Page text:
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A consortium of network operators are banding together to back their own mobile internet search, according to The Telegraph.

Vodafone, France Telecom, Telefonica, Deutsche Telekom, Hutchison Whampoa, Telecom Italia, and Cingular are listed to be involved in secret discussions to take place at 3GSM next week, with the intention of agreeing a combined search strategy.

The idea that everyone would be surfing the web from their mobile phones, if only they had a decent search engine, continues to be widely believed, despite services such as Google PDA, Google WAP, and Google .mobi already providing perfectly adequate search capabilities. Not to mention the search clients built into the Nokia N-Series and Samsung handsets, which offer easy access to internet search engines.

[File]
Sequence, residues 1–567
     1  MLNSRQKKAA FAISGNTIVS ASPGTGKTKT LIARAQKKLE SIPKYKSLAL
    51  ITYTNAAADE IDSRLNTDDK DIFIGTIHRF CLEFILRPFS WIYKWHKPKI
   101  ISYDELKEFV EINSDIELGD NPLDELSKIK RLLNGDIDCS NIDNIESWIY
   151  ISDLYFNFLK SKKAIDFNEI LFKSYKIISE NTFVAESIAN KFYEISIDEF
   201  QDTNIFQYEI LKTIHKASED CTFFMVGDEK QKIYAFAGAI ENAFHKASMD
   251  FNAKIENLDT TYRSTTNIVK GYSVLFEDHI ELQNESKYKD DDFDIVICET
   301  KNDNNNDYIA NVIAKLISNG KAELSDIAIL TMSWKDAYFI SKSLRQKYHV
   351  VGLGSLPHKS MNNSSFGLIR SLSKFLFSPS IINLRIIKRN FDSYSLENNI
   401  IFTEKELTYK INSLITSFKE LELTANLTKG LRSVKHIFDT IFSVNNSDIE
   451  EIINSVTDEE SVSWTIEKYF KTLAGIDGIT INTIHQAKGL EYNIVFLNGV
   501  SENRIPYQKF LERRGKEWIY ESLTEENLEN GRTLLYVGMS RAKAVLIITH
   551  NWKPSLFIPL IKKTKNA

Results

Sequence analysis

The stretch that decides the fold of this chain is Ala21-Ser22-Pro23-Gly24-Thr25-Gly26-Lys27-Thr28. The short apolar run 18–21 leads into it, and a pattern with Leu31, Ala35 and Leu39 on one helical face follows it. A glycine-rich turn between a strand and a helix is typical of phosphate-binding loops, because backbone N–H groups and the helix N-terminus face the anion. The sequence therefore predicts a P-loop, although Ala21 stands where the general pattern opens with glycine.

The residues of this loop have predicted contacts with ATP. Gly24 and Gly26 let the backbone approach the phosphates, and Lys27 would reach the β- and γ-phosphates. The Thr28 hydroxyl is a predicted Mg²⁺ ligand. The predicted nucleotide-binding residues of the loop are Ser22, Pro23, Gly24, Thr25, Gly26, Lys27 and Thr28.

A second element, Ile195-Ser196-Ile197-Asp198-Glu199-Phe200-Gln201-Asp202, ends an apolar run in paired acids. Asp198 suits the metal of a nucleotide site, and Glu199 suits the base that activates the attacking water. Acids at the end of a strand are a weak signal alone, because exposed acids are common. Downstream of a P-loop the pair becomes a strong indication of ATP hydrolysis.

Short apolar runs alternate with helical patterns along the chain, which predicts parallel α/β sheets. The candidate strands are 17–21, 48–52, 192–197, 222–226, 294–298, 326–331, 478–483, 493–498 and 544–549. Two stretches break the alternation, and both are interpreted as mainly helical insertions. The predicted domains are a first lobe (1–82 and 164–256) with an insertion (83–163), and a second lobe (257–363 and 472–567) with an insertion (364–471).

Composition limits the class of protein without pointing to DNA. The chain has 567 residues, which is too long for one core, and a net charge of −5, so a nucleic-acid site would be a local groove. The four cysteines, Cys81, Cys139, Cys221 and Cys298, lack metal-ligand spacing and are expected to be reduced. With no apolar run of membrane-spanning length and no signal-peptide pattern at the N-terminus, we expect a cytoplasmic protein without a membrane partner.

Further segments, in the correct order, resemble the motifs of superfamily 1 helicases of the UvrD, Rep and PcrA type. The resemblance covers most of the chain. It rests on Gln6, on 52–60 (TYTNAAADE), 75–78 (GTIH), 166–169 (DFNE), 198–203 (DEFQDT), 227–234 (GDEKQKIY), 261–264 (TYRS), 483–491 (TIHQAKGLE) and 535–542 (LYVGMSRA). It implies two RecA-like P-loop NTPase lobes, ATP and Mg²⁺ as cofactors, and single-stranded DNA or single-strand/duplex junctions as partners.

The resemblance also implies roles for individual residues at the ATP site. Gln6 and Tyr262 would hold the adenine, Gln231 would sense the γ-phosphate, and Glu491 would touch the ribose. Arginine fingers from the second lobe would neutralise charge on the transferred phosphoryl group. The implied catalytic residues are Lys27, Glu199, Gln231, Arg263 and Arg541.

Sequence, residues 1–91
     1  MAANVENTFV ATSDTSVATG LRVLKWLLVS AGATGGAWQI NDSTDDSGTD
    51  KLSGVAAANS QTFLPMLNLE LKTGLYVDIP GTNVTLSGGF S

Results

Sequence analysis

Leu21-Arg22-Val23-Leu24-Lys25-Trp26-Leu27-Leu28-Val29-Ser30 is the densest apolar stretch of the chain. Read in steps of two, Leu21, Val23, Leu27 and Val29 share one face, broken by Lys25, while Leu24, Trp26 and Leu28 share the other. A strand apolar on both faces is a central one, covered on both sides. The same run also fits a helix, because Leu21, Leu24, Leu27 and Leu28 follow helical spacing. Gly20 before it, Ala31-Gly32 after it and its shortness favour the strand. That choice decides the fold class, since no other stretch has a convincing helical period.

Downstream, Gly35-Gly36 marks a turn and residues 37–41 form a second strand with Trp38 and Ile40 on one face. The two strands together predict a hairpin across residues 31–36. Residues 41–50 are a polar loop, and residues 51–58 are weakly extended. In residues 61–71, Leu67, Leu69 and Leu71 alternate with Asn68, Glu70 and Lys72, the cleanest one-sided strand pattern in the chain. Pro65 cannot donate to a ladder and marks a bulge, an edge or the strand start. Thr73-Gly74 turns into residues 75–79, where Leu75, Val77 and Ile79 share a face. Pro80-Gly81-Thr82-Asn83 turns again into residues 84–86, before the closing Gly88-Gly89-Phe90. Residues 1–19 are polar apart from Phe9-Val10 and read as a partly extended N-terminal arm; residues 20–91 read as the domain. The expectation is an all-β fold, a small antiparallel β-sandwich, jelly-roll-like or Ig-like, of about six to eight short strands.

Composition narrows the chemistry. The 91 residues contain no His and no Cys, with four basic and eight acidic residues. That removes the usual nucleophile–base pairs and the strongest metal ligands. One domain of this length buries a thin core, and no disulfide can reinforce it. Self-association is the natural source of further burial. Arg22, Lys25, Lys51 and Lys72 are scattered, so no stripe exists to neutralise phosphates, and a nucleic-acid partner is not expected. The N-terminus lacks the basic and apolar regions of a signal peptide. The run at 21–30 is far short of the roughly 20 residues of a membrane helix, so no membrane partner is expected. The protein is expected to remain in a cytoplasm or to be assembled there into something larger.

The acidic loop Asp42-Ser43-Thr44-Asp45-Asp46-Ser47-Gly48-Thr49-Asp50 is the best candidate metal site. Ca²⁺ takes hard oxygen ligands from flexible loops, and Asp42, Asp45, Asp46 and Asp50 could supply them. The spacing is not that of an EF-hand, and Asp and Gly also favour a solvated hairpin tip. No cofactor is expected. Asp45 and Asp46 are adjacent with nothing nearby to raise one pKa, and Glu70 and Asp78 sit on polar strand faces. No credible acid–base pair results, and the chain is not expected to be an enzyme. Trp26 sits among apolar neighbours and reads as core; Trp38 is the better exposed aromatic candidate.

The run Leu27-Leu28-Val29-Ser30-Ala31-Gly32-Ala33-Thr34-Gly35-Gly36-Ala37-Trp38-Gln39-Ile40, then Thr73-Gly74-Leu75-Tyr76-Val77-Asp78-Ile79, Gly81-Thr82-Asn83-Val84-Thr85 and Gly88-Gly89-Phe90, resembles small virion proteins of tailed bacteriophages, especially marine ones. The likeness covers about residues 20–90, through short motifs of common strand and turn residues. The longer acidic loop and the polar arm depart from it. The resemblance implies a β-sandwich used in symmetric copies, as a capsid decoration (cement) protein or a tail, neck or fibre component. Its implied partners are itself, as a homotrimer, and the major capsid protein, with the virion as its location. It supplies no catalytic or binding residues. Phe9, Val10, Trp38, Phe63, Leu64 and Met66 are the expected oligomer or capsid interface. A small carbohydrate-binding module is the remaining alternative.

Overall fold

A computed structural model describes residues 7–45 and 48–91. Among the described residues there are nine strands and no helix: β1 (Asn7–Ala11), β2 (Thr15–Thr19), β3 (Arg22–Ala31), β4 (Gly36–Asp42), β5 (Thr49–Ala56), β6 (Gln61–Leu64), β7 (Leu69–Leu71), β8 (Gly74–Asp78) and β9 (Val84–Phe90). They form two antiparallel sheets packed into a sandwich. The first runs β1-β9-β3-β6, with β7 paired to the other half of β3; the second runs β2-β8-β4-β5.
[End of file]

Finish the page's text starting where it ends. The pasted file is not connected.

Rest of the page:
The lack of suitable content is so marked that dotMobi, which manages the .mobi top level domain, is now offering free site-building software to anyone who registers a domain. The software comes from Akmin, and is based on its already-free mobiSiteGalore online service.

The real question mark over the mobile internet is what problem it solves - being able to create sites is a good start, but even now no one is sure what content users want on the move.

While voice revenue remains static, and customers increasingly push for flat-rate data, network operators will be looking for better ways to make money from their data capabilities.

It is possible that this new consortium will do a deal with Google, Yahoo!, or similar to share advertising revenue, but the real question is if the network operators are arrogant enough to think they can do better - and the answer is they probably are. ®

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